For a no hassle consultation regarding purchasing land through a self-directed IRA and to learn if this land purchase method can work for you contact a member of our 9 Core Realty team at (239) 333-2221.

Tips for Buying Land through a Self-Directed IRA

Here are five things to keep in mind when considering investing in land or real estate through a self-directed IRA.

#1:  It Takes Time: It’s advised devising a timeline based on the account-opening process, transferring or rollover of assets and finding the actual investment.  It normally takes two to three weeks to open an account at a typical brokerage firm, and you’ll need to find a custodian who will hold real estate inside an IRA.  The down payment must come from IRA funds, so rollovers may be required.

When a real estate investment is contracted, the IRA account holder reviews and signs the purchase agreement and then the custodian must approve it and release of funds to the title company.  All of this takes time, so it’s imperative to learn as much as you can before jumping into a decision.

#2:  You Cannot Take Advantage of IRA Investments until you Retire:  You can’t use the fund to pay off your mortgage or live in or use the property you buy as an investment in the self-directed IRA.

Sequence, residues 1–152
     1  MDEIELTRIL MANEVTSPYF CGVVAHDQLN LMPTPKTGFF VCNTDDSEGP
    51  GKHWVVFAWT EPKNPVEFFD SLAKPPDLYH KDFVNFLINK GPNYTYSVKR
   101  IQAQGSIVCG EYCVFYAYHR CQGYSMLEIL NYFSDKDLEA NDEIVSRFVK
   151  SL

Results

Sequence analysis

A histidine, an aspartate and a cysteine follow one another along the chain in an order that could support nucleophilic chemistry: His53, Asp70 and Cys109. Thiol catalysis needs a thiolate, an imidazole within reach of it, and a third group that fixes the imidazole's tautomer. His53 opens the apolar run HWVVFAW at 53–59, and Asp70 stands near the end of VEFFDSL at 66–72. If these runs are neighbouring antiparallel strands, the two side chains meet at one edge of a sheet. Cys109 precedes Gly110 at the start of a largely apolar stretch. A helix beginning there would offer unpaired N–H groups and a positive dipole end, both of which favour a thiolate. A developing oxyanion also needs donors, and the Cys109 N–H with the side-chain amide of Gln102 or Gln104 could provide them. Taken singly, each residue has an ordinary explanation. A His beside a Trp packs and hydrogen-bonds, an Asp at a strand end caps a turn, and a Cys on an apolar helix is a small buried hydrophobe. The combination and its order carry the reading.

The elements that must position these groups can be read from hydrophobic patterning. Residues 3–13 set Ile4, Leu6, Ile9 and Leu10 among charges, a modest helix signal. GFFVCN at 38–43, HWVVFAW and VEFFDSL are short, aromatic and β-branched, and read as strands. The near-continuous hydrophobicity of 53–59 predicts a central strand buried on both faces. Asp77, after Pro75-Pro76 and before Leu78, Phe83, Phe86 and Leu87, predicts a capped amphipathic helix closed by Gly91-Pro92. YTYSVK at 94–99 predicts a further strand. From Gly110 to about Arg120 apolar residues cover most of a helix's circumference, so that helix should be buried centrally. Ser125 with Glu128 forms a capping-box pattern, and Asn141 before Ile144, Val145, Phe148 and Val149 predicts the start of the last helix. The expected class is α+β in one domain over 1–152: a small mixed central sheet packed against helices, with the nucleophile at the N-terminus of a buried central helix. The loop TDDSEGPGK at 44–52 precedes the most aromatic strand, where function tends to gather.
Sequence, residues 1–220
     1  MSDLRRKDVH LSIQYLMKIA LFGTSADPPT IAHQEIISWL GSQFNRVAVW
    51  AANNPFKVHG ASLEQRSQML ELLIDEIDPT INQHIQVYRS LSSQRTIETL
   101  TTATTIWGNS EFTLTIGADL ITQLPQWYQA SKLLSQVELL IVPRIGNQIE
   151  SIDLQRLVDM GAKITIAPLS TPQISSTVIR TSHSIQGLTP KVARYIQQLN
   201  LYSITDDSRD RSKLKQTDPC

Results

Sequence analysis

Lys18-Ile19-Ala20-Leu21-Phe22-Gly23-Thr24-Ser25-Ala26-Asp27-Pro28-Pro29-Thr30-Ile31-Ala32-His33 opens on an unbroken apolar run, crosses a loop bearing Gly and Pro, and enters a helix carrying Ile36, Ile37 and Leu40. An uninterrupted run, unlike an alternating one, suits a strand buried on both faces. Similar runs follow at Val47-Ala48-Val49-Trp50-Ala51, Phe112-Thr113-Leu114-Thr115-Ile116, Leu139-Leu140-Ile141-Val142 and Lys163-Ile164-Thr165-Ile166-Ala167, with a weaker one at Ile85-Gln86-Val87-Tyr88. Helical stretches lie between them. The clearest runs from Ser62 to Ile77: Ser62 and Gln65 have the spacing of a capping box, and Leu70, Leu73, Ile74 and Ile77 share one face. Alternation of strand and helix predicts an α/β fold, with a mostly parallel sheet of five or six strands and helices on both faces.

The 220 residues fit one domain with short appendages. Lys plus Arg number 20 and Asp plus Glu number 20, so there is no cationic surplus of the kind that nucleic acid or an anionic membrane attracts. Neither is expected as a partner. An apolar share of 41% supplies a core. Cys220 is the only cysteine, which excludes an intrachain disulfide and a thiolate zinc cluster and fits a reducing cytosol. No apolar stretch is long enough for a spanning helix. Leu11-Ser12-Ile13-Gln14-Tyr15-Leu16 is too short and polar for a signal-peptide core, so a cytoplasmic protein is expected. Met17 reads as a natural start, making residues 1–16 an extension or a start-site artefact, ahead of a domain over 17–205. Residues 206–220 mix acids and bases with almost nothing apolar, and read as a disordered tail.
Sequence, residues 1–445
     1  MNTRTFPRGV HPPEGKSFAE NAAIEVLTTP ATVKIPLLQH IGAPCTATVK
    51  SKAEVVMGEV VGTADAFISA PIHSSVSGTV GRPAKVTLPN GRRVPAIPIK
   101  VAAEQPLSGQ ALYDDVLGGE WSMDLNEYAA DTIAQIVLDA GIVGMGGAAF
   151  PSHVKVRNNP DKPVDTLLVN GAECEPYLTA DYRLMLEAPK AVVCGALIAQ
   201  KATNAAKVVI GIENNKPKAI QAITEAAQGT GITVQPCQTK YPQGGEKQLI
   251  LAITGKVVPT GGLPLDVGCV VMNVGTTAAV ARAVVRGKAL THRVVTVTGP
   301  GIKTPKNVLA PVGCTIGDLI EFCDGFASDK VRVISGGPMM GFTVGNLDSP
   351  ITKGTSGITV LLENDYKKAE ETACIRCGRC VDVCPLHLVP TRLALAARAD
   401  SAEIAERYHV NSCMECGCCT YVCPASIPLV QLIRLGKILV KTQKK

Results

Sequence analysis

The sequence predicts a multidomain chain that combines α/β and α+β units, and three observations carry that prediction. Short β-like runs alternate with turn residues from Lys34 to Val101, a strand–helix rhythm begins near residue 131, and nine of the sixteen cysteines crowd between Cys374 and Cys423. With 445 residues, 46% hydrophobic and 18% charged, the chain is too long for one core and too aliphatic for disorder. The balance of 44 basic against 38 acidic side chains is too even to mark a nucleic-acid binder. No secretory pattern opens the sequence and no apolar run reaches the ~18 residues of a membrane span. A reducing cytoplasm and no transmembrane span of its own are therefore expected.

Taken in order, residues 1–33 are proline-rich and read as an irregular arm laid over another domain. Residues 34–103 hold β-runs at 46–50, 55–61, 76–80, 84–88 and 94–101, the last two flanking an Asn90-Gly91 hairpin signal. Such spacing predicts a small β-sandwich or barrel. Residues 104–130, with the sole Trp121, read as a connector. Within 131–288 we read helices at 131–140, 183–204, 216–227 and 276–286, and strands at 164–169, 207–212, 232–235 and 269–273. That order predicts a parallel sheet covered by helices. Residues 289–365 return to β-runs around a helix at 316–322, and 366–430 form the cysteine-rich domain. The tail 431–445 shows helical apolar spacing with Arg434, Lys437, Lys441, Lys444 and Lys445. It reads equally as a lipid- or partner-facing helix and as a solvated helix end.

You buy it because it is anticipated to appreciate in value, plain and simple. You also lose the depreciation tax deduction that you would otherwise receive on an investment property.

#3:  Your Spouse, Immediate Families or Companies you Have a 50% Interest in Cannot be Involved: While it is possible for the property to be held as tenants in common, an IRA is an individual account—and you must avoid any conflicts of interest.

Self-dealing or enabling a transaction that is beneficial to you on the other end is strictly prohibited.  You also cannot use the IRA as collateral for a loan; it should be treated like other retirement accounts.

#4:  It’s a Lot of Work:  While there are many highlights and potential benefits, many investors don’t fully appreciate or understand the reporting and administrative requirements involved in using a self-directed IRA to buy real estate.  For example, the investor should not be doing the work on the property, especially because he can’t get reimbursed.

All expenses, maintenance, taxes and insurance are paid from the IRA.  If there are association dues or golf memberships, those all must be withdrawn from the IRA.  Finding tenants and contractors may take time, and every penny in and out must be approved by the custodian.   In many instances land investment over an existing home is a better choice when purchasing with a self-directed IRA as no maintenance or dealing with tenants is required.

#5:  All Income from the Property is Tax Deferred:  That includes rental income and capital gains. If you plan to be in a lower tax bracket at retirement, this is quite beneficial.  You can also make tax deductible contributions to the IRA.

To learn more about investing in land or real estate through a self-directed IRA visit http://www.gratiagroup.com or call a member of our land sales team at (239) 333-2221.